Even the company former Chief Executive Officer, Leonard Makwinja was not spared the criticism. The report stops short of casting aspersions on Makwinja’s credibility and competence:” “With so much happening (given the prevailing weather conditions) on the eve of this accident, it would be unthinkable to imagine or believe that the CEO was unaware of the sequence of events. In fact, if that was the case, then it raises a lot of questions because as the saying goes, the buck stops with him. During the interview the CEO indicated that he first learns about the derailment from a colleague at MTCHQ (Ministry of Transport and Communications Headquarters) The Board of Inquiry found this very strange and interesting. Ideally as the CEO of an institution such as BR, inherently susceptible to adverse weather conditions as was the case he should have been more proactive and inquisitive on the particular day. The CEO should have taken the initiative to establish with certainty the safety of passenger train operations, to the extent of personally stopping trains and later discipline those having failed to do so.”

The report states that the fact that the BR Chief Executive Officer (CEO) heard about the derailment from a colleague at parent Ministry of Transport and Communications instead of direct information from his Directors and Acting Safety Manger, indicates a total system collapse.” 

It emerged that the passenger train was running without a voice recording (the equivalent of an aero plane’s black box). States the report: “BOI summoned for the voice recordings of the occurrence train for the period between 9th December 2019 until the derailment and the Board was informed that the system crashed in September 2019. Hence the recordings which would have shed light into communications between the OCC and the occurrence train crews could not be availed upon due demand.

“The availability of the voice recording system could have provided crucial missing communications between the occurrence train crews and the OCC, however its unavailability had no direct cause on the accident.”

All in all, everything that could go wrong did go wrong: According the report, the derailment was caused by failure of the unsupported track as a result of wash-away, when the heavy locomotive moving at a relatively high speed of 64 km/h came into contact with it at or around 464 km peg.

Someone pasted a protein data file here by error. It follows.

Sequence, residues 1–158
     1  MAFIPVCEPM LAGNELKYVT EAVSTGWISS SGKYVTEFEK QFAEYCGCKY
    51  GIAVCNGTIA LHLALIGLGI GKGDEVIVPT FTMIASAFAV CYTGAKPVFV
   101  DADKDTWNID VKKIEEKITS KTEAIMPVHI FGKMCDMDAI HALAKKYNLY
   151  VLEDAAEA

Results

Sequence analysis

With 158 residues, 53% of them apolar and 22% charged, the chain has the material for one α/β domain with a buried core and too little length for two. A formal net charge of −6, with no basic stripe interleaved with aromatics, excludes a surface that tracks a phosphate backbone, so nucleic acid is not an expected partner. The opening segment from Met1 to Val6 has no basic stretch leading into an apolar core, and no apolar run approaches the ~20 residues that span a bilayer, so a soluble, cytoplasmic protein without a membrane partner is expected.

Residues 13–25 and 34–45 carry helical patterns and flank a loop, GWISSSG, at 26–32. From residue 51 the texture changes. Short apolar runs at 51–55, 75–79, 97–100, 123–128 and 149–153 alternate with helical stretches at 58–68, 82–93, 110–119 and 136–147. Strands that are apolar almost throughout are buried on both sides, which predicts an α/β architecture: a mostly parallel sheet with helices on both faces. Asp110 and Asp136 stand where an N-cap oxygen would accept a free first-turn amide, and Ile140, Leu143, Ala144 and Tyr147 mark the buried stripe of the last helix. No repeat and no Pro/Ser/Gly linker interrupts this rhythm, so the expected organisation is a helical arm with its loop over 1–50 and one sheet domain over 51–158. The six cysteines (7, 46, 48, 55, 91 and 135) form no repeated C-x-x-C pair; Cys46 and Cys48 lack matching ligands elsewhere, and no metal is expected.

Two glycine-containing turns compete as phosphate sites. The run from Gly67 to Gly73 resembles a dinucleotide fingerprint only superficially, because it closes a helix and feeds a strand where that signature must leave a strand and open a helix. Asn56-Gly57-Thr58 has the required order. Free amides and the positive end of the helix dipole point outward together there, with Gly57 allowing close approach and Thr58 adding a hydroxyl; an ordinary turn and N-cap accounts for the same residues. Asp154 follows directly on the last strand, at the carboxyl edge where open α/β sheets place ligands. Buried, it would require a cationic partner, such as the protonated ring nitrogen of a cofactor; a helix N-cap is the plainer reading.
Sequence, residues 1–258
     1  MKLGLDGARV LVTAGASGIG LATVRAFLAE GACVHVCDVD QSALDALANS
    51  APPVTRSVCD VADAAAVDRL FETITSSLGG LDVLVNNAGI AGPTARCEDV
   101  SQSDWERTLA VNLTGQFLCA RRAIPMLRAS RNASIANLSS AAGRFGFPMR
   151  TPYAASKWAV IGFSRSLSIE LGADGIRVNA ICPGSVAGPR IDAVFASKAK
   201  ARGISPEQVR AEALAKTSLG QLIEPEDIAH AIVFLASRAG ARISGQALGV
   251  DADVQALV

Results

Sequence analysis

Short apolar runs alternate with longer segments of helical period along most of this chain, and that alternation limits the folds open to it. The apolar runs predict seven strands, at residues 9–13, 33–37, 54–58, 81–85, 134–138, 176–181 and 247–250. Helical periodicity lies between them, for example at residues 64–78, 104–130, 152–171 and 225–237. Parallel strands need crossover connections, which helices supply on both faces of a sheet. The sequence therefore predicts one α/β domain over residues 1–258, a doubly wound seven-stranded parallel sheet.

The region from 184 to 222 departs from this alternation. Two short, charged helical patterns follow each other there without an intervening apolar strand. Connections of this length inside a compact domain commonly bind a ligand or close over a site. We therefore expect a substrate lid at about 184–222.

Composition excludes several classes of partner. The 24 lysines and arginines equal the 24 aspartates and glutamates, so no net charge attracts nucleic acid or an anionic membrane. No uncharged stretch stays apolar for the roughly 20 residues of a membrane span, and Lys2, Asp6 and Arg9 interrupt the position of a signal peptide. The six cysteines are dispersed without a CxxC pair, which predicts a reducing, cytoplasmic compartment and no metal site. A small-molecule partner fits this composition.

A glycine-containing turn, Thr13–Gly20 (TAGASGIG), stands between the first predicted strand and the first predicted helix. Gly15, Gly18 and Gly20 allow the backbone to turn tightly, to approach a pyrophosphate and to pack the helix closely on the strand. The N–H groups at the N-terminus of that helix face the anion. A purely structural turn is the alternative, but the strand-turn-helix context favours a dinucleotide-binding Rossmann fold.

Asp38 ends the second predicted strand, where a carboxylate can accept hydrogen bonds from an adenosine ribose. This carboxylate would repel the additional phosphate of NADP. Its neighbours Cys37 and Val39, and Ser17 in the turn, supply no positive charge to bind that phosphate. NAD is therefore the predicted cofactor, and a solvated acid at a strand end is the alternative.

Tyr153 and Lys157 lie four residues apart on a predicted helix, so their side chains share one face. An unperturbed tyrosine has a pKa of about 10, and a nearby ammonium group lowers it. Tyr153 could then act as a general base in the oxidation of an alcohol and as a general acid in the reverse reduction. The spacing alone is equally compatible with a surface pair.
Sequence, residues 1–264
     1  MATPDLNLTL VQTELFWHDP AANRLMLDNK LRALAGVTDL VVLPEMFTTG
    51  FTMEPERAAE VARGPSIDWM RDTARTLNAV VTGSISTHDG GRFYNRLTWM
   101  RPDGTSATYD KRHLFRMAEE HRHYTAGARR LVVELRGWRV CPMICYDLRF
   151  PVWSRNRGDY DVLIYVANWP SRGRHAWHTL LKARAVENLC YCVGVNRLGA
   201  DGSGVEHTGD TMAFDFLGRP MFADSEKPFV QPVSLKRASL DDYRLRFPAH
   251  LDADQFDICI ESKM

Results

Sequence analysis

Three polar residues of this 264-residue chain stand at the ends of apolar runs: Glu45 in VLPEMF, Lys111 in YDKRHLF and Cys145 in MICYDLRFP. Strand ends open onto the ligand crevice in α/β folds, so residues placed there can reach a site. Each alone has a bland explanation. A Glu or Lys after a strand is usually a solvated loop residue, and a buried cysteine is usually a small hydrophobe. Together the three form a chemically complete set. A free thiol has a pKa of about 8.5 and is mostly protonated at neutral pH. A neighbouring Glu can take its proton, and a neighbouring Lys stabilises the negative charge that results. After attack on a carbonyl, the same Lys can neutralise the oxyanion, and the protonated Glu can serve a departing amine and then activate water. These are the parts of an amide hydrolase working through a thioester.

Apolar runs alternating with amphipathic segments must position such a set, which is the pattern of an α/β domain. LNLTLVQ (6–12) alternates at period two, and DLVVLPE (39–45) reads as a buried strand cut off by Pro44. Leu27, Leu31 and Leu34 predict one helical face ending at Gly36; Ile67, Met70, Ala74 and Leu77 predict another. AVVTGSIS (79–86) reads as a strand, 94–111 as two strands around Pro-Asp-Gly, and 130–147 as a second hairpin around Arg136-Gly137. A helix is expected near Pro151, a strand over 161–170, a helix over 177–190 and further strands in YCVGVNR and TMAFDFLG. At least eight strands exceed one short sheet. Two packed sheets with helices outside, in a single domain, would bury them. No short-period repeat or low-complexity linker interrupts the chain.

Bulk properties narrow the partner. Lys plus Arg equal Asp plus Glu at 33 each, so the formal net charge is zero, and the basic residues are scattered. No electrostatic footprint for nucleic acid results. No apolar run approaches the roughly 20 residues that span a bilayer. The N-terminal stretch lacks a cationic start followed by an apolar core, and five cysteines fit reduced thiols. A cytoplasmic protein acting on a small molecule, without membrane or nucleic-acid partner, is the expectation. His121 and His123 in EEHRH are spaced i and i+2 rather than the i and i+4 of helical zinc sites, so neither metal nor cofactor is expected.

The BR leaner driver failed to sound the whistle as they approached the windowmaker. States the report: “Failure by the learner driver to sound the whistle suggested that all cab occupants were deep in conversation that impacted on their concentration hence nobody saw the excess water towards 464 km peg.”

It emerged during the inquiry the track between Gaborone and Ramatlabama needed urgent mechanized maintenance.

“A study carried out in 2005 on improving the drainage system along the main line, was never implemented. Though the study had not covered other critical areas like this occurrence site, it was estimated to cost about P23 million then,” reads the report.

It further emerged that “the Acting Track Master gave inaccurate reports about the track inspection around 464 km peg. He further altered an important document partly under the instruction of the Acting Civil Engineer,” stated in the report.

According to the report, the Acting Director of Operations failed to convert a memo into an operational notice for circulation. Added is that on the day of the occurrence, he singled out one message best known to him and forwarded it to the executive management WhatsApp group. The message was used as the basis for the refusal to stop trains that night. This according to the report was deemed as malicious and reckless behavior or action taken with conscious disregard for safety.